One of the courses I was taking during my third year of undergraduate studies was a full-year Abstract Algebra course, covering among others ring theory and Galois theory in great detail. The course was a requirement for my program, and it was one of the few courses that I was not sure at all I’d enjoy. It turned out that many of my friends in Math enjoyed it, but I didn’t. I felt no, or very few connections with Computer Science (later I discovered through friends that if you study advanced complexity theory and theoretical Computer Science it will be very useful), and as a result I started feeling unmotivated.

At some point during the same year I found a book called “Mathematics and Technology” by Christiane Rousseau and Yvan Saint-Aubin. This book was different, extremely refreshing and motivating. Each chapter is a technological problem that has been solved via applied mathematics. For instance, it presents the math behind: the trilateration of the GPS, the motion of a robotic arm in 3D, error correcting codes, public-key cryptography, Google’s PageRank algorithm, why MP3‘s are sampled at 44.1Khz, the JPEG compression standard, the DNA computer (super-cool chapter!), and many other applications. The book is simply a collection of really interesting problems, accompanied by the mathematical background and principles that allow the reader to understand the basic solutions to those problems. It’s not a perfect or comprehensive book by any means, but it is a beautiful one, in the sense that every chapter is a nicely-told story and the provided theory is strongly tied to each application. I think the mathematical maturity it requires is at most that of a 3rd year undergraduate student in math, though I’m sure you could understand most of it with a basic Calculus and Linear Algebra background.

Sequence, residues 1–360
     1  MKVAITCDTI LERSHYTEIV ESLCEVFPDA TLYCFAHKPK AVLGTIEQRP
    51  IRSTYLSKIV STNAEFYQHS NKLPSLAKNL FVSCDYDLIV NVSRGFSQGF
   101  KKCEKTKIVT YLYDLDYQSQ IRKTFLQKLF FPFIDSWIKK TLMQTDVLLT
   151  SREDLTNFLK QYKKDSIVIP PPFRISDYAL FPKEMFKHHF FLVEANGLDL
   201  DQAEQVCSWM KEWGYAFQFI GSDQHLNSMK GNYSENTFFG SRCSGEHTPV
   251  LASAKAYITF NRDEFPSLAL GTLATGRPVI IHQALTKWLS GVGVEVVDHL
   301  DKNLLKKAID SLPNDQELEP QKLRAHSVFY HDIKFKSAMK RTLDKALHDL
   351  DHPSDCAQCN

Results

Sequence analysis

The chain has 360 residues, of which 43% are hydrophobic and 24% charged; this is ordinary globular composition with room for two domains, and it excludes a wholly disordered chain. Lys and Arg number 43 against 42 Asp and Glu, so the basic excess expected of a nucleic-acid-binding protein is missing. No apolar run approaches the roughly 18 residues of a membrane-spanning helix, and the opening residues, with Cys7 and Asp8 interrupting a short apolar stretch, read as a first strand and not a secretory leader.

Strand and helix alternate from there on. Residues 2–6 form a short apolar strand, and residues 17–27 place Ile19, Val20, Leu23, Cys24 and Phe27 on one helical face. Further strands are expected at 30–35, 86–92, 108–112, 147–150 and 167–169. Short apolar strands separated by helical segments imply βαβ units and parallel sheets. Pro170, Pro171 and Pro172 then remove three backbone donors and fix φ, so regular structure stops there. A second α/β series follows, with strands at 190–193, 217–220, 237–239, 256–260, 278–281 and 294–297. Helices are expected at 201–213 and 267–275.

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Ever find any book like this for computing?

No, I don’t think I have. Most of the ones I’ve read go on depth on one topic, as opposed to covering a wide range of cool problems.